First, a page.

2. The Northern Mockingbird also has its own song as well as a large variety of songs that it mimics. Their song is often learned from their mama, and papa birds as young nestlings. 
  3. They are known for their intelligence. Some think they have the ability to recognize and remember a human’s face.
  4. Mockingbirds are monogamous and mate for life. 
  5. Their most distinctive characteristic other than their songs are the white patches on their wings that flash when they fly, this makes them appear to have a larger wingspan.
  6. Mockingbirds show little fear and are fierce defenders. If they perceive a threat to their territory, they attack immediately. 
  7. Their lifespan is the wild is generally 8 – 10 years although they have been known to live in wildlife habitats under ideal circumstances for up to 20 years. 
  8. Texas shares the Northern Mockingbirds’ fame as a state bird with 4 other states Arkansas, Florida, Mississippi, and Tennessee.
  9. They sing the most during the spring, summer, and fall seasons.
  10. Mockingbirds do not migrate they go into a mini hibernation or lower profile state. Winter finds them sheltering in thickets, becoming quieter and foraging for berries. 
Northern Mockingbird chicks in nest
Nest with Two Northern Mockingbird Chicks coming out of the Egg

Mockingbird Eggs

The Northern Mockingbird generally lays eggs from April through July. As in the photo above the eggs range from a pale blue to a greenish white. They are speckled with reddish brown spots.

Nests are often located in tree-like shrubbery or thickets and even flower gardens, such as the one above, built in a Bougainvillea. The female usually lays from 3 to 5 eggs and then incubates them for 10 – 14 days. From birth to flight they are in their nest for approximately 25 days.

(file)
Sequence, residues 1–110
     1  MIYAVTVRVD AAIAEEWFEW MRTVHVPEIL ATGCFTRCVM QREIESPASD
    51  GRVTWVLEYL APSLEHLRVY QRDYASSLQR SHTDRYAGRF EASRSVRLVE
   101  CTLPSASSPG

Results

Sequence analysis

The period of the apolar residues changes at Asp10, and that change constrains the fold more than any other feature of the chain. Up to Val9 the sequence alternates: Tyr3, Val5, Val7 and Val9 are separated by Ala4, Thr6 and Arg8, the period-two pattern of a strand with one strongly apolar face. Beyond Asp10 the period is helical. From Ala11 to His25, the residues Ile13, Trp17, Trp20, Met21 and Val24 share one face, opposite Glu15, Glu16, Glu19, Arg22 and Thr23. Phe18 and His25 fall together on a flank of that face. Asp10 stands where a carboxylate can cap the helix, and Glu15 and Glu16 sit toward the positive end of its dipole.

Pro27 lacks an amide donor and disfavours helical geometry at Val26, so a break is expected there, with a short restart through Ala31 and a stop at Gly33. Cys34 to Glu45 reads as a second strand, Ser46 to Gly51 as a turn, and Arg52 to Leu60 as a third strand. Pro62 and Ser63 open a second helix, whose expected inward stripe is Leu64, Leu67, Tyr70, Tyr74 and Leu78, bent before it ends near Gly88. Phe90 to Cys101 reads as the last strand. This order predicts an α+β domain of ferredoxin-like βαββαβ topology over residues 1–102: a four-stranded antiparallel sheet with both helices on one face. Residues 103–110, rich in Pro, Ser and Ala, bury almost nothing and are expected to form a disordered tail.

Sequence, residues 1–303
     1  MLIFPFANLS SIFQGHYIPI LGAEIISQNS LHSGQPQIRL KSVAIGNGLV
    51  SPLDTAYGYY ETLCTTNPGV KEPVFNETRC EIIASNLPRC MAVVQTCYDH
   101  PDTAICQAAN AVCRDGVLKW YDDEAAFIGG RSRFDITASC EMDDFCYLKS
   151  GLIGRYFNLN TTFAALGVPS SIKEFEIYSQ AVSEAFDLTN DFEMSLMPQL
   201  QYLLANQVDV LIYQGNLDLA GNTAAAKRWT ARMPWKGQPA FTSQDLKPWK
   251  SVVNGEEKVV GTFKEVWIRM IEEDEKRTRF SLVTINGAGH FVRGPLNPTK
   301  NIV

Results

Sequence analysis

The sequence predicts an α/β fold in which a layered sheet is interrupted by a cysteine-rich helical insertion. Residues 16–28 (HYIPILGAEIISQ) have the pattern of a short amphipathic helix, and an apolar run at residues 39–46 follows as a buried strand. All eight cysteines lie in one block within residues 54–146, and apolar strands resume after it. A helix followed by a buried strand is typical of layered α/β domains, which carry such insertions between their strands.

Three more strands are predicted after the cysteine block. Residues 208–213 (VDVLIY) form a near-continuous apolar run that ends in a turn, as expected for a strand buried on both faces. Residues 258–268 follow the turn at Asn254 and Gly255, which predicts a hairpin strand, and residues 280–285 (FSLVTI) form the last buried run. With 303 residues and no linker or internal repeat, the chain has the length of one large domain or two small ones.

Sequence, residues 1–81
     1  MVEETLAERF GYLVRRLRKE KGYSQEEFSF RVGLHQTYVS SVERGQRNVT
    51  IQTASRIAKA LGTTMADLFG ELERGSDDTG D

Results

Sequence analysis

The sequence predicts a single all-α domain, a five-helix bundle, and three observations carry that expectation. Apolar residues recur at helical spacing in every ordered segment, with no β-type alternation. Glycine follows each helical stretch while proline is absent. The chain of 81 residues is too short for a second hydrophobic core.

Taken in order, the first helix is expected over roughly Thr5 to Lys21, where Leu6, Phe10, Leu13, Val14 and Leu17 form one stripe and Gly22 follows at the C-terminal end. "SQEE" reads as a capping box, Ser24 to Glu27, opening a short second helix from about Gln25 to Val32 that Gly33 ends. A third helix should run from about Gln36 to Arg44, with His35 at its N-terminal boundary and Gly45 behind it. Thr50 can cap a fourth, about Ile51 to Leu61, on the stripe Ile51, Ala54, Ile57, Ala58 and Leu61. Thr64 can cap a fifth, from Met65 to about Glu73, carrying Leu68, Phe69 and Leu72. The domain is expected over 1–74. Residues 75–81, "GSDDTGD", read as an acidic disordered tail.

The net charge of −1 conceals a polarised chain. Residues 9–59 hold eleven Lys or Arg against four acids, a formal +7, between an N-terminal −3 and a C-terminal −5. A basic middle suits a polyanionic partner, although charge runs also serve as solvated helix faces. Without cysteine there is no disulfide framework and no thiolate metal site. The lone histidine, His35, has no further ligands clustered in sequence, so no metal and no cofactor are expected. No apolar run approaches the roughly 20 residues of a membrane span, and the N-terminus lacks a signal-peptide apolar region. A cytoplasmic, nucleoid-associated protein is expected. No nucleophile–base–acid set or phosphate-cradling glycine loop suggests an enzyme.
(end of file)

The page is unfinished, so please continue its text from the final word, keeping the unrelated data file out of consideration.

Baby Mockingbirds

Baby mockingbirds or mockingbird chicks are classified as hatchling, nestling, or fledgling. A hatchling is 0-3 days old, has not opened its eyes, and has patches of down rather than feathers.  

A nesting is 4-14 days old with eyes opened, fuzzy down, and wing buds that have not fully developed. They cannot fly and are not ready to leave the nest.

Fledglings have begun to develop feathers and wings have budded for flight. During this period, it is learning to fly, it can move on its own, and grip branches with its feet. Fledglings are often seen on the ground hopping around on their own just before learning to fly.

Mockingbird Symbolism 

The mockingbird symbolizes both innocence and a great opportunity. Bird poop in general represents vitality, abundance, and good health.

Northern Mockingbirds are fierce protectors
The State of Texas Bird
Northern Mockingbirds are Fierce Protectors

In Conclusion, The State Bird of Texas

Northern Mockingbirds with their sweet songs and fierce protection instincts represent the State of Texas well as our State Bird.

Northern Mockingbirds make a significant impact on our ecosystem as seed dispersers while helping to control the insect population.

Read more about the official designated Texas State Animals here.

Read more about the official Texas State Symbols here.

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Frequently Asked Questions

Can Northern Mockingbirds be Pets?

These birds should not be kept as pets. They do not do well in captivity. The Northern Mockingbird was once coveted by the pet trade for its sweet musical, well-versed, song variations and as a result, almost became extinct. It is illegal to capture or own a mockingbird in the United States.

Will a Northern Mockingbird Attack A Person?

Mockingbirds can attack people as well as animals that they perceive as a threat. 

What do Northern Mockingbirds eat?

Mockingbirds are omnivores eating a variety of insects, seeds, and berries. In the winter they can be limited to mostly berries and fruits depending on climate conditions. 

Kay Keeton, Ed.

Editor in Chief, Kay Keeton - Texas Lifestyle Expert. Kay is a designer turned author, marketer, storyteller, and influencer. A sixth-generation Texan, Kay is both an authority as well as being passionate about sharing her home state of Texas's diverse culture and lifestyle. Kay is a content writer and editor of content for various local and national online publications.